One lovely summer day, our entire church family went to the coast for a picnic. We brought a ton of food and games to play. After we had all eaten to our hearts' content, a game of touch football began, as well as horseshoes and various table games. The kids, of course, wanted to play in the little protected bay near where we had gathered. I was appointed lifeguard because, thought the water was calm and shallow, most of the kids couldn't swim.
As I stood watching them play enthusiastically, a huge wave swelled into the bay—raising the water level from two to five feet almost instantly. The kids closest to the shore scrambled out, but most of them were underwater! I plunged into the water, grasping wildly, but realized quickly that I could only get a few of the children and that most of them would drown. I ran up the bank to where the adults were relaxing and playing and screamed for help. Most of them were so involved in their games, however, that they didn't notice me. The few who did hear me didn't seem to understand what I was saying. Somehow, I had to get through to them that they were desperately needed to save their children!
What you've just read is an illustration I made up to communicate to my congregation the critical importance of praying for a lost world that needs to be saved. I know and believe the truth that God "stirs up" His people to pray. I also believe that God works with sovereignty in people's hearts to point them toward salvation: "No one can come to me unless the Father who sent me draws him" (Jn. 6:44). But it is also true that God has committed us to the work of reconciliation: "for, "Everyone who calls on the name of the Lord will be saved. How, then, can they call on the one they have not believed in? And how can they believe in the one of whom they have not heard? And how can they hear without someone preaching to them?" (Ro. 10:13-14).
I believe that pastoral leadership is essential in focusing a church on prayer. Over the past eight years, I've spent a great deal of time working and thinking about how to move our church to be "devoted to prayer." During this time, I have developed some fundamentals that I believe I must adhere to if God is going to use me to lead our church toward this goal. I would like to share the first one with you.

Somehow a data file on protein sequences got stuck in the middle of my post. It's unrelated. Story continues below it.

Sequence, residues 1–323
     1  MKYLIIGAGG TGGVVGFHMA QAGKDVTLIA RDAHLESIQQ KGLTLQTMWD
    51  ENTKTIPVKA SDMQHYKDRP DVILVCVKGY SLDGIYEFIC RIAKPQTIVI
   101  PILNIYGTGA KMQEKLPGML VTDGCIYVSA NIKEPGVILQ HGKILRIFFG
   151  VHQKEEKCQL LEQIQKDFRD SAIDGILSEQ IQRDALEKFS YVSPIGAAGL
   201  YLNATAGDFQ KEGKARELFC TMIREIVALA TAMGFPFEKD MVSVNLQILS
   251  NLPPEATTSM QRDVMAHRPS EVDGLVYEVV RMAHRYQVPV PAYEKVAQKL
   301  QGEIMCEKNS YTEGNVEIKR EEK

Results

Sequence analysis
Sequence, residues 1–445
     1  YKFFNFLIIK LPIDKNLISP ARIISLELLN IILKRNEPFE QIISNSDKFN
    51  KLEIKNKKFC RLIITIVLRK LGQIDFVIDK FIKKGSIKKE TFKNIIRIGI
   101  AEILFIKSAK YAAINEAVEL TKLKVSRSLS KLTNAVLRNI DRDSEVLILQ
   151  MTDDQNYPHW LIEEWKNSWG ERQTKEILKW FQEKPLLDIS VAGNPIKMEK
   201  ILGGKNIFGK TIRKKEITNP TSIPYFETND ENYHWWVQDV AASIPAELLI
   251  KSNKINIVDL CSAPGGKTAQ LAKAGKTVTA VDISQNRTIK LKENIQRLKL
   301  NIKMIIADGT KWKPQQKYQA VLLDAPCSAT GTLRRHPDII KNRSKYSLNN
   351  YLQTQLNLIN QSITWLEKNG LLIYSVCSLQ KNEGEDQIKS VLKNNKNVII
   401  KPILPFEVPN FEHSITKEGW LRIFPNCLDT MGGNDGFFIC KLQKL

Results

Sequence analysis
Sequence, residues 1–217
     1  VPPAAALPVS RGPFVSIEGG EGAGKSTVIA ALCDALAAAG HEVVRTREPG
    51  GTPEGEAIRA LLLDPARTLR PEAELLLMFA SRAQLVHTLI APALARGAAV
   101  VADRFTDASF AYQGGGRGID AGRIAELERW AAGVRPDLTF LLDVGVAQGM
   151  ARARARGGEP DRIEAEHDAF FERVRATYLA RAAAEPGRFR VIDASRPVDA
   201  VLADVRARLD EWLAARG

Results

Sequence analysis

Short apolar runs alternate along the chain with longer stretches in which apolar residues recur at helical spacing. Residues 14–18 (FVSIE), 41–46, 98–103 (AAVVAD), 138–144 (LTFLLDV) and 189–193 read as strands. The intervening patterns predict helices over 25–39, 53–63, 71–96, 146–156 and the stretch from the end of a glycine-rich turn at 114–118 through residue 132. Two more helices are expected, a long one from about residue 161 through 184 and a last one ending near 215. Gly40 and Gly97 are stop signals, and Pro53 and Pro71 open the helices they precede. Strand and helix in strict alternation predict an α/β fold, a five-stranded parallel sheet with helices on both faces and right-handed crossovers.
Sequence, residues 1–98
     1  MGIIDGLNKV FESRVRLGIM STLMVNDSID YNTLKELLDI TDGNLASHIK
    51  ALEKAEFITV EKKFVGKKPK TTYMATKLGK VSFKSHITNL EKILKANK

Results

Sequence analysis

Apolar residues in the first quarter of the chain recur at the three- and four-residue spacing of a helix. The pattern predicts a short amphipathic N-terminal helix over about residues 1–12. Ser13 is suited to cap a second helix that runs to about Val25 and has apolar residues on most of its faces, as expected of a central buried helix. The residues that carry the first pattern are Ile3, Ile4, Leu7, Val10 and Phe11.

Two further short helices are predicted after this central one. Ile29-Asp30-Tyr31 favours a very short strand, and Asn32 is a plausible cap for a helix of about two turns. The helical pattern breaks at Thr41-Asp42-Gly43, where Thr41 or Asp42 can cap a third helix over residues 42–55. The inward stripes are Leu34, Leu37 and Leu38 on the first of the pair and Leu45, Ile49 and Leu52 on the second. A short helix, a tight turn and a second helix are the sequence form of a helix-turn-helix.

Believe that prayer is essential
Almost everyone believes that prayer is important. But there is a difference between believing that prayer is important and believing it is essential. "Essential" means there are things that will not happen without prayer.
There are many contributing factors to successful ministry, especially in the area of winning the lost. Prayer alone may not get results. But without prayer, even the best program, discipline, or plan will be frustrated and fail. Those who believe that prayer is essential—not just important—will have a passion and fervency that will persuade others to join them.
The stronger my belief that prayer is absolutely essential, the stronger my zeal and passion will be. Passion and zeal are the keys to good leadership when motivating a congregation to pray for the lost.
Model your belief
It's obvious: The first step in motivating a congregation to make prayer essential is to model this belief yourself.
Following a pastors' prayer summit in January 1989, I became convinced that our church needed to make prayer the central focus of our ministry. I started by confessing to my congregation — then around 200 people — that I had been pastoring them without prayer. I pledged to change that: I was going to be a man dedicated to prayer. I set the goal of praying one hour by myself every morning and praying with at least one other individual for one hour in the evening. I opened the church from 9 to 10 every night for prayer. Unless I'm out of town, I'm there every night, and others always join me. Part of my morning is devoted to praying individually for the people who attend our church. Besides praying for their needs (which I keep updated on my computer, along with photos of each family), I ask God to motivate them to pray. I take my charge from John 17:9, in which Jesus prays to the Father: "I pray for them. I am not praying for the world, but for those you have given me, for they are yours."